Infant Seahorses!

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A friend of mine who is an expert seahorse breader, needed to leave town for a week. Daddy Seahorse gave birth to about 300 seahorse the week before. My friend split up the babies to a few other friends. This is what I'm babysitting:


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Kanga

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WOW that is so cool


your a lucky girl to e babysitting those, awesome pics thanks for sharing them with us:thumbup:
 
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I'm not sure that this is luck! I've been a nervous wreck! My friend has breed thousands, I've kept ZERO!!!!! But they are alive! So far!
 

viper357

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Incredible, good luck with them :)

Any idea what species they are?
 
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Wow, that is challenge. Good Luck, you will keep them happy and healthy (if your anemone husbandry is anything to go by) :thumbup1:
 
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Any idea what species they are?
Erectus

I've been keeping in touch with the others that are babysitting the seahorses. Everyone is doing well with them. Out of the 85 that I received, I've lost 3. I believe this was caused while floating the bag to acclimate temp. A few of them kept getting caught in the folds of the plastic bag near the knot. They were pretty lathargic looking once they were released.

I wished we would have used something else to transport them. A ziplock bag would have been better.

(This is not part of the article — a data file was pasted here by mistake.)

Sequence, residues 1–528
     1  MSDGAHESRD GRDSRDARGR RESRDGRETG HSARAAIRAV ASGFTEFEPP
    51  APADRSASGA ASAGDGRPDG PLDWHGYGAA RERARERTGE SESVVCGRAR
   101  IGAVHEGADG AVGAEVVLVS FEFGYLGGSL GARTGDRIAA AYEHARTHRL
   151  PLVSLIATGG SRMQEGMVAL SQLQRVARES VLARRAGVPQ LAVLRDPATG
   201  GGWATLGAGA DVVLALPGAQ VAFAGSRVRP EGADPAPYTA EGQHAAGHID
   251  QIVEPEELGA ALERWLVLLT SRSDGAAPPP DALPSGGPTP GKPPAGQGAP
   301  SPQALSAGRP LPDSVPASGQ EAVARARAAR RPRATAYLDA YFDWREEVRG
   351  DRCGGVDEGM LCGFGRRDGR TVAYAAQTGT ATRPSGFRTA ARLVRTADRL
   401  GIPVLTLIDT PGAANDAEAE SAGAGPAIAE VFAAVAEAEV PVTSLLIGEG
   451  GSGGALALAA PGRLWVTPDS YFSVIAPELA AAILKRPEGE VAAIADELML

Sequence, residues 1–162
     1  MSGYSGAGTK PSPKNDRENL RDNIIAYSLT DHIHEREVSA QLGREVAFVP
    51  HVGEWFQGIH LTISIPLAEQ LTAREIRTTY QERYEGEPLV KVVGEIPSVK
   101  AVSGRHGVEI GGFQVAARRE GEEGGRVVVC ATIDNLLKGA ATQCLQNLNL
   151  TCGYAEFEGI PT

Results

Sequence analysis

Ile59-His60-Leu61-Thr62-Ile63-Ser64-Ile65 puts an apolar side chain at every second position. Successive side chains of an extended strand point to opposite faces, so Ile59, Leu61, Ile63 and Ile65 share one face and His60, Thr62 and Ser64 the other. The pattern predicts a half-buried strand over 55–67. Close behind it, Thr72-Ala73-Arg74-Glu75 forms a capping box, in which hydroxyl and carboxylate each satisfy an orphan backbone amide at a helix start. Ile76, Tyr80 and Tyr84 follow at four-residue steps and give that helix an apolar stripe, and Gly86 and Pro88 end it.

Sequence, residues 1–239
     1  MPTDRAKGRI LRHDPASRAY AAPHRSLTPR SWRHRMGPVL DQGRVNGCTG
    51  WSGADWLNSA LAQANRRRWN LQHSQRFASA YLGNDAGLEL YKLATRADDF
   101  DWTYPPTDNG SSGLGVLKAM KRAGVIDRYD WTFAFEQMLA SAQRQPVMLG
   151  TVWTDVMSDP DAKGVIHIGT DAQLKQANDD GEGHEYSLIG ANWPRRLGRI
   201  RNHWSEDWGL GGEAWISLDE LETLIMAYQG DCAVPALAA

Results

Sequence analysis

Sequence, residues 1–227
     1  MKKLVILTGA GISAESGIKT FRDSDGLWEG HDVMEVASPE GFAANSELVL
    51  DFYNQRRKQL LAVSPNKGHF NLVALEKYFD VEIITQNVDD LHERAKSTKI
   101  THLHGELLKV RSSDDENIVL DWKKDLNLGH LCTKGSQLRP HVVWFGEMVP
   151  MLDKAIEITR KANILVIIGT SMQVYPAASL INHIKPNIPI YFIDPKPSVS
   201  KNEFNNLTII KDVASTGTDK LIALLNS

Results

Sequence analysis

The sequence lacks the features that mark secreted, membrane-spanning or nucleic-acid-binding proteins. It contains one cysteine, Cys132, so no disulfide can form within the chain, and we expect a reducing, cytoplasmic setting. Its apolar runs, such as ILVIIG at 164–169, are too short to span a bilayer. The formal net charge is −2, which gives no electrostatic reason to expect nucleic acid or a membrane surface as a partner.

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Took some pics tonight. These are now about one month old. They are still eating live brine, and tonight I introduced some copepods. Soon I will start trying to get them on frozen food. I have another batch of infants coming in a week to 10 days.


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jacquesb

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WOW! They have sure grown! BTW Anemone - what plant is that you have in the tank? Is it a mangrove? (Red? White?)

Another thing - how many have you now lost (sounds bad - sorry ;-) up till now?
 
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That is just a plastic plant, much easier to clean, but gives them something to hitch on to.

There have been many losses, unfortunately. 21 were returned to the breeder. 8 stayed behind because I felt they were just too weak for a transport. Of those 8, 4 remain, and are very strong looking. I've made a few changes for the next batch. I'm going to drop off a small tank at the breeders so that she can put them directly in my tank when she removes them so that I can eliminate acclimation. Within a few days of the first batch, everyone who was babysitting had many losses. A few of us moved them to a smaller tank, we went from a 10 gallon to a 2 1/2 gallon. This seemed to help a lot.

Water changes are still done daily, however, I am now dripping the new water into the tank so that they are not shocked by any chemistry differences.

To make matters worse, two of my brine shrimp batches never hatched. I am now set up to have 3 going at once, with one being the enrichment stage.

This is only daddy seahorses second birth. The first one was premature, yolk sacks were still attached, the second batch (the one I got) he held on to them a little longer than he should have. We have no idea if this had anything to do with the number of losses.

This has been a huge learning experience, lots of work, depressing at times, but also a lot of fun. Since the breeder only keeps every third batch, I will be getting many more chances.
 

jacquesb

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Brilliant! Sorry about the losses though. BUT I can only presume that's how it goes in nature too.... I think that perhaps you might be giving them a MUCH better chance though, compared to nature....
 
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Yes, I've done a heck of a lot of reading about them in these last few weeks, and a lot more to do. Its just too bad they can't live with Anemones!!! :(
 

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